Residents who contacted us were also keen to understand the next steps, and we’re aware that there has been a long period with no updates on progress. The mayoral election caused some delay, but mostly the volume of responses meant it has taken officers a long time to process everything. Their published report will provide a detailed response to every query raised by you in the consultation.

Timeline:
September – The report with answers to queries raised in the consultation and a breakdown of people’s answers will be published
September-October – New proposals will be published and put to formal consultation
January – If the new proposals are agreed from the second consultation, work will take place

From talking and corresponding with many of you, we’re aware that there is still a lot of unhappiness with the proposals. We have been pushing for changes to the proposals ahead of any new designs being put forward. We’ve met with the cabinet member and officers in Lambeth, and highlighted the changes we need to see in any new designs for the scheme to be acceptable to local residents as well as improving cycling.

In particular, we are working on:

  • Significantly reducing the number of parking spaces lost
  • Ensuring good access to the allotments
  • Greening at the junction of Rosendale and Turney Roads
  • Tackling rat running on Dalmore Road and Carson Road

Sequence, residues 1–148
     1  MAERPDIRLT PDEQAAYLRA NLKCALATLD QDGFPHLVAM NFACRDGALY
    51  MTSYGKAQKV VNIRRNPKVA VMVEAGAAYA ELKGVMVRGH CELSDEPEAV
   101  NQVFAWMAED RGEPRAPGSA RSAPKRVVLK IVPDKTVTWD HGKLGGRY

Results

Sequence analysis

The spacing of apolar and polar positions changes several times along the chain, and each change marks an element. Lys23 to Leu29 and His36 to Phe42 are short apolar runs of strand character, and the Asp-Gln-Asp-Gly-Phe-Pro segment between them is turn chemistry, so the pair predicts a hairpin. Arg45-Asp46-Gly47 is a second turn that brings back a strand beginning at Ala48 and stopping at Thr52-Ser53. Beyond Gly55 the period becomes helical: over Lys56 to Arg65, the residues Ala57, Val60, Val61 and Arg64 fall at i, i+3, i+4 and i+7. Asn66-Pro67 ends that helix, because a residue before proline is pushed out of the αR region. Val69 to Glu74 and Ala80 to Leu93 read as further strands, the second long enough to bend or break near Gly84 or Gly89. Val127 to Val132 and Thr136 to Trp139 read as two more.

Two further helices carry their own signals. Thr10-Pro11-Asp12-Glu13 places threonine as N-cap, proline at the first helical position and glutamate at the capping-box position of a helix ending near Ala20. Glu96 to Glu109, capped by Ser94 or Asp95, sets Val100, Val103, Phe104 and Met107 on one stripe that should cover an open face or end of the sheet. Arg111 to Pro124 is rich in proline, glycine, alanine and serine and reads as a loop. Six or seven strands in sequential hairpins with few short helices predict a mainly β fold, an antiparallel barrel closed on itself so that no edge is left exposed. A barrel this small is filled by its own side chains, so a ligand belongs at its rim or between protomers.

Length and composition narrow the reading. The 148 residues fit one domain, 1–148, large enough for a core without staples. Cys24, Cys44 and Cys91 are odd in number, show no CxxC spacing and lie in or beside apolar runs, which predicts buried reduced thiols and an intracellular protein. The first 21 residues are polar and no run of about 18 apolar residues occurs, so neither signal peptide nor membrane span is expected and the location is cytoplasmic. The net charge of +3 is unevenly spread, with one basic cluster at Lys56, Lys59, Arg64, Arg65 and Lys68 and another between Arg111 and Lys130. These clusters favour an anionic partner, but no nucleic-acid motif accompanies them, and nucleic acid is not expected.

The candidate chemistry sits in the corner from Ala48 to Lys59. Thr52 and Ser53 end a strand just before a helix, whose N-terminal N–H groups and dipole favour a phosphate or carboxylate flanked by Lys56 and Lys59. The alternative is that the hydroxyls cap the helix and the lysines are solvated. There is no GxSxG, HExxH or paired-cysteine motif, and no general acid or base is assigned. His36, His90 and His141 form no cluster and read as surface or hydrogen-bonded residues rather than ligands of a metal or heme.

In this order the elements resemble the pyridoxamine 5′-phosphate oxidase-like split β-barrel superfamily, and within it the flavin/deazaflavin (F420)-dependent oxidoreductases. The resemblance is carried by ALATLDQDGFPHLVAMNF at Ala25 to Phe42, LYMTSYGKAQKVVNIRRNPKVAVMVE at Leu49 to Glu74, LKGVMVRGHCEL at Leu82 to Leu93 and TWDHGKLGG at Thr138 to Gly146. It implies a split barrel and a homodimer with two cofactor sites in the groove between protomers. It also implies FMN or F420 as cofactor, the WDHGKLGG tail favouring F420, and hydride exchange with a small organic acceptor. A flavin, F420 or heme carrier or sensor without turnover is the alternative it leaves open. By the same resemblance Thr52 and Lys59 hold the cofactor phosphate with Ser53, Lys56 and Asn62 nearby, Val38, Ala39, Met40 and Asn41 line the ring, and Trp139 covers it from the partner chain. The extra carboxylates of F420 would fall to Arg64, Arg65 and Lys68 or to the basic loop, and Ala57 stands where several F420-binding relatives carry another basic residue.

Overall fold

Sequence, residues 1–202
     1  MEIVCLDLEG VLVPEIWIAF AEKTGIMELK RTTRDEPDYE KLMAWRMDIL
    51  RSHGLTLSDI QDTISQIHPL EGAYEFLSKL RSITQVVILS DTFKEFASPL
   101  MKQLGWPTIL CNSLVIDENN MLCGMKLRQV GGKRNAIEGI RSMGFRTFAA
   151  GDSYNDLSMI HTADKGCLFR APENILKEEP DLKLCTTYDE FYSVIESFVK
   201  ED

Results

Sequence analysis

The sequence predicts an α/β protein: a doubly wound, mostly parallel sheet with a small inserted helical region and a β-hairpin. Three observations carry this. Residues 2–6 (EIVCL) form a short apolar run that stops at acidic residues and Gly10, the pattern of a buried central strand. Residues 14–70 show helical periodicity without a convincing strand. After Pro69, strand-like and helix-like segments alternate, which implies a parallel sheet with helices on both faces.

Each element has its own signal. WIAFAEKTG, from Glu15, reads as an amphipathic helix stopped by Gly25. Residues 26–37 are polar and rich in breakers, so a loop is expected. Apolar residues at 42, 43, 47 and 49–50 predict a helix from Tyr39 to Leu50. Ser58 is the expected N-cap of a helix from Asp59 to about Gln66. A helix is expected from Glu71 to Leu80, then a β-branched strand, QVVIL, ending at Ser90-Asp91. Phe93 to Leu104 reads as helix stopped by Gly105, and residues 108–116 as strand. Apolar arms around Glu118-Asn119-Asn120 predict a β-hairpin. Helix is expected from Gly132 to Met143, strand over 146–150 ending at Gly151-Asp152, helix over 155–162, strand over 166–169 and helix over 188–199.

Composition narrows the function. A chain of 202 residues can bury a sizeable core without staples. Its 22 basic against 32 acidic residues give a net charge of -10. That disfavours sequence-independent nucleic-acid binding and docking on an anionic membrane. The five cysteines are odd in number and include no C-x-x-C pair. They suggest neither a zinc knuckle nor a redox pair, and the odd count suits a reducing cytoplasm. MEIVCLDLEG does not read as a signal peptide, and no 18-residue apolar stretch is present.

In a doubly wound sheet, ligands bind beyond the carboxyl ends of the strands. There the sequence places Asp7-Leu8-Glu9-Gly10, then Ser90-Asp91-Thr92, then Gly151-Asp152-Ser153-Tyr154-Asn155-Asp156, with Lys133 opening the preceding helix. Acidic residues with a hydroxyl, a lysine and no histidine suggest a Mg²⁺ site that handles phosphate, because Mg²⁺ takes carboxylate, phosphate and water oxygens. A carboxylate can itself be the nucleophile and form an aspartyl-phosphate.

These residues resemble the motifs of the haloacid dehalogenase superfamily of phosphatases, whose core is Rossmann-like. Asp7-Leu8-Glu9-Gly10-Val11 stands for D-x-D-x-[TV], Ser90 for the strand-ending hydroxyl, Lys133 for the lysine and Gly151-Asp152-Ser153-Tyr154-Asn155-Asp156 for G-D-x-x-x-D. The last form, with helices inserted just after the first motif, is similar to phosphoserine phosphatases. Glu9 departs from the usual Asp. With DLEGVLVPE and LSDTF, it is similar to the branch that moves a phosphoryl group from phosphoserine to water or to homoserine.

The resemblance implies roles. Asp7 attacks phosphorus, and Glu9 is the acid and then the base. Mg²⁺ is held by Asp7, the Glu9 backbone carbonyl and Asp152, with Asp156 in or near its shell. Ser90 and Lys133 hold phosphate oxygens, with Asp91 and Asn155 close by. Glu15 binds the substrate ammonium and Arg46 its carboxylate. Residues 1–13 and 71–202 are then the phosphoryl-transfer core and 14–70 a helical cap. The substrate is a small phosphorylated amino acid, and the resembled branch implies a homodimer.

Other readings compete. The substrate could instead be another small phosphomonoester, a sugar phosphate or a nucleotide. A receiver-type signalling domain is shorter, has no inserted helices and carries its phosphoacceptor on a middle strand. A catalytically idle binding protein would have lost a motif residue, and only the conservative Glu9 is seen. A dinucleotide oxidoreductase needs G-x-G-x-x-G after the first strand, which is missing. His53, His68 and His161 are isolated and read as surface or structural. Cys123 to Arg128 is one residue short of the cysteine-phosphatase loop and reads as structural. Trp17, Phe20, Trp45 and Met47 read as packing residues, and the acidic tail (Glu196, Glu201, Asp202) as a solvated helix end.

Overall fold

• Preventing any changes to the junction of Rosendale and Parkhall Roads which make traffic worse

Letter – Andrew Gilligan – Quietways consultation.pdf

Many residents have raised concerns about the Quietway proposals along Rosendale and Turney Road – about transparent decision making, governance, community engagement and the designs themselves.

We have written to Andrew Gilligan to share your concerns – please click above to view a copy of the letter. 

We expect the results from the recent consultation to be shared soon and will continue to work with City Hall, TfL and Lambeth on your behalf to ask that any changes to the area benefit local residents and businesses, not only cyclists, to provide safer, greener streets.

Letter – Andrew Gilligan – Quietways consultation.pdf

Invitation to Quietways concept design showcase events

Thank you to everyone who has been involved in Quietways so far – although it’s been a rocky journey, huge numbers of local residents and businesses have engaged and lots of ideas and feedback have been put forward. Residents have been clear on their priorities – tackling speeding and making the road safer. There has also been some great discussions on how to enhance the parade of shops to make our mini “town centre” even more of a destination for the community.

Sustrans have been busy processing all the feedback and engineers are developing designs based on your suggestions.

These will be shared for your feedback at two concept design showcase events. Please come and see what you think – your input is invaluable.

  • Sunday 6th December 10.30-1.30pm
  • Wednesday 9th December 6.30pm-8.30pm